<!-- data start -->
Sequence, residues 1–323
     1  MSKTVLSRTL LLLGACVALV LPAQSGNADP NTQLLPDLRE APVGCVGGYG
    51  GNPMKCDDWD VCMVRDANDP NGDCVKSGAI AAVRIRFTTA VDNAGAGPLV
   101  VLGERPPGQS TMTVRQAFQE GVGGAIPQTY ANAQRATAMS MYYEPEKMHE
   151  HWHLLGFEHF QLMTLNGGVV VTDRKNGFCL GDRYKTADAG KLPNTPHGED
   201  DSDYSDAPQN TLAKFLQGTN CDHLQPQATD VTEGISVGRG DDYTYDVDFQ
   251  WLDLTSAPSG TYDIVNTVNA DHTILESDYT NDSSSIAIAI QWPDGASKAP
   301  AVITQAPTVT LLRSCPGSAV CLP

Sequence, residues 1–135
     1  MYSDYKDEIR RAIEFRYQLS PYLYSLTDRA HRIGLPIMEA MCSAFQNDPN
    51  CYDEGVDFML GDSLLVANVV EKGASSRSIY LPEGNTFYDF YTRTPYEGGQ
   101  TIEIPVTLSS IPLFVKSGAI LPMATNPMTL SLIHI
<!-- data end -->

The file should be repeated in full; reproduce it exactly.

Sequence, residues 1–323
     1  MSKTVLSRTL LLLGACVALV LPAQSGNADP NTQLLPDLRE APVGCVGGYG
    51  GNPMKCDDWD VCMVRDANDP NGDCVKSGAI AAVRIRFTTA VDNAGAGPLV
   101  VLGERPPGQS TMTVRQAFQE GVGGAIPQTY ANAQRATAMS MYYEPEKMHE
   151  HWHLLGFEHF QLMTLNGGVV VTDRKNGFCL GDRYKTADAG KLPNTPHGED
   201  DSDYSDAPQN TLAKFLQGTN CDHLQPQATD VTEGISVGRG DDYTYDVDFQ
   251  WLDLTSAPSG TYDIVNTVNA DHTILESDYT NDSSSIAIAI QWPDGASKAP
   301  AVITQAPTVT LLRSCPGSAV CLP

Sequence, residues 1–135
     1  MYSDYKDEIR RAIEFRYQLS PYLYSLTDRA HRIGLPIMEA MCSAFQNDPN
    51  CYDEGVDFML GDSLLVANVV EKGASSRSIY LPEGNTFYDF YTRTPYEGGQ
   101  TIEIPVTLSS IPLFVKSGAI LPMATNPMTL SLIHI